Integrating 3D printing into manufacturing operations can add flexibility to potential supply chain delays by increasing localized production. For example, using digital files, designs can be iterated upon as often or quickly as needed, at little to no additional cost. With a single file source producing various parts, businesses that use 3D printing contract manufacturers have less risk, more control, and added agility concerning their product lifecycle. Local facilities can print designs on-demand from files sent across the globe or print securely from a nearby supplier. In this way, on-demand 3D printing reduces the amount of capital tied up in work-in-progress and finished goods inventories, enabling manufacturing agility. This is one area in which 3D printing is actually “subtractive,” significantly reducing logistics and warehousing footprints.
Automating design innovation
There is an opportunity for design innovation thanks to the unique synergies of additive manufacturing and automation. For instance, Lockheed Martin tapped MakerBot to help develop a fully autonomous lunar rover for NASA’s Artemis program to amplify exploration on the moon. 3D printing has helped NASA engineers design, develop, and test autonomous systems and processes much quicker than they could otherwise by rapidly iterating on designs for prototypes at costs 10x lower than were possible through traditional processes.
Moreover, the synergies between automation and 3D printing flow both ways. AM and automation are driving the factory of the future – aka the smart factory – to support Industry 4.0 transformation. This involves the technical integration of cyber-physical systems into manufacturing and logistics and Internet-of-Things and digital services in industrial processes. By inventing machines that automate processes to mitigate human-centric error, businesses and factory floor staff can track and analyze the unexpected and minimize mistakes. In turn, smart data collection accrued through automation allows businesses to improve their processes, scale-up production, and ultimately make better products. Companies embracing Industry 4.0 concepts of automation, on-demand manufacturing, and part customization to scale additive manufacturing into production require smart, connected 3D printing solutions integrated with their smart factory infrastructure.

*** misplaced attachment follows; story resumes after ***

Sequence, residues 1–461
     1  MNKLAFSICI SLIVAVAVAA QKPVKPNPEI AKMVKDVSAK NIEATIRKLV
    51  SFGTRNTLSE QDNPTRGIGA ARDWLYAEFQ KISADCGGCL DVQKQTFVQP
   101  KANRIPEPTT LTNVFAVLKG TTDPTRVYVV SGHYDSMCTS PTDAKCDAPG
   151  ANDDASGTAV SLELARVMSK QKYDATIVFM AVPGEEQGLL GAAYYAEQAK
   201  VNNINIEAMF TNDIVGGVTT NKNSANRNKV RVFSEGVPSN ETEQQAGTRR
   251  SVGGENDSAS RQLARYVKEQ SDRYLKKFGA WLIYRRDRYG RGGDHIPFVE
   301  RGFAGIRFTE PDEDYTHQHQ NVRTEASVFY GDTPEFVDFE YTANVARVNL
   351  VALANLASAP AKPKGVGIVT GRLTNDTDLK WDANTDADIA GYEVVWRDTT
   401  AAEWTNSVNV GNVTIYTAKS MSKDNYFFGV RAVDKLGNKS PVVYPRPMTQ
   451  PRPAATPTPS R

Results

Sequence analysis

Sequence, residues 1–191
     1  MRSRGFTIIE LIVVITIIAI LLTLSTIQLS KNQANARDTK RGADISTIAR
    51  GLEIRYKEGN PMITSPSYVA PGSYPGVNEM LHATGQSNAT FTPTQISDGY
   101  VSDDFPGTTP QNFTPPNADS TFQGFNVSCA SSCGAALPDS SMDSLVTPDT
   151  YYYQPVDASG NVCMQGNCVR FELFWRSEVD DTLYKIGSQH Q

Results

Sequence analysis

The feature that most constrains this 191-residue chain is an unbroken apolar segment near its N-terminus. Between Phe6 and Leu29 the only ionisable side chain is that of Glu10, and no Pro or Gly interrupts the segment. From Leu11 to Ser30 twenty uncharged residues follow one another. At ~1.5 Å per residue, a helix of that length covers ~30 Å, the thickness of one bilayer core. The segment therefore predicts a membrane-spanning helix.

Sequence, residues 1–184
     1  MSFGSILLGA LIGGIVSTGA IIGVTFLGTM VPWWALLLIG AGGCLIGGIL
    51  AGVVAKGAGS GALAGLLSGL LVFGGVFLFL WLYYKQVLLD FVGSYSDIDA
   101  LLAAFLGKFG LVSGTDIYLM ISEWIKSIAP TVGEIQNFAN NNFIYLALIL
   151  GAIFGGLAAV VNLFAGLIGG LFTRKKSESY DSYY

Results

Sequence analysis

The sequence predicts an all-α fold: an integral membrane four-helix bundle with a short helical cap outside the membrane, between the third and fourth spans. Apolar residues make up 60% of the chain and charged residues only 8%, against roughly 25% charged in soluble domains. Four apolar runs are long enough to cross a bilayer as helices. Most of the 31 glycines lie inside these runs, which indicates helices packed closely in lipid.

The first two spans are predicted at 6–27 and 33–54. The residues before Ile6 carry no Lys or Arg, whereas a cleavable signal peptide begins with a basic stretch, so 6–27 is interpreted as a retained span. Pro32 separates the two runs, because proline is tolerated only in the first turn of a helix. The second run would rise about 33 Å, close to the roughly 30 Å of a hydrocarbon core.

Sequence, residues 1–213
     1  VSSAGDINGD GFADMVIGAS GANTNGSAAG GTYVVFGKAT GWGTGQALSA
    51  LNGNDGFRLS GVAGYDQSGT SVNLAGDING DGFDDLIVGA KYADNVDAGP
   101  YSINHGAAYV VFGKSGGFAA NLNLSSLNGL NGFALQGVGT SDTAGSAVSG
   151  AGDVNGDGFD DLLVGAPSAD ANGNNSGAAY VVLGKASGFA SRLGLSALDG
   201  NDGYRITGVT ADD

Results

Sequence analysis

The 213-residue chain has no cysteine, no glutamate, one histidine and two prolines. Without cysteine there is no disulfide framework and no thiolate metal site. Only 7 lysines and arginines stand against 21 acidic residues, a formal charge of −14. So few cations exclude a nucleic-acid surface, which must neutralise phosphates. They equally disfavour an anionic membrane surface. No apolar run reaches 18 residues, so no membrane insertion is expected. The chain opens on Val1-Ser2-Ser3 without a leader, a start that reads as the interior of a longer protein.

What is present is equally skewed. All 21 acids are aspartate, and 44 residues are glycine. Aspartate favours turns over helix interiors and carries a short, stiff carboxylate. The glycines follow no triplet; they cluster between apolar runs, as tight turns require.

We are at an inflection point for global manufacturing – a point in which the burgeoning pressures to upgrade unresponsive supply chains and 20th-century energy-intensive manufacturing and transportation processes are intersecting with a maturity adoption curve for 3D printing. Over the next year and into the coming decade, we will see tremendous growth in the use of 3D printing to reduce environmental impact, ameliorate supply chain issues, and generate resiliency against future shocks. However, we haven’t even scratched the surface in the evolution of the additive manufacturing industry – as AM’s synergies with automation will serve as a transformative technology in the factory of the future.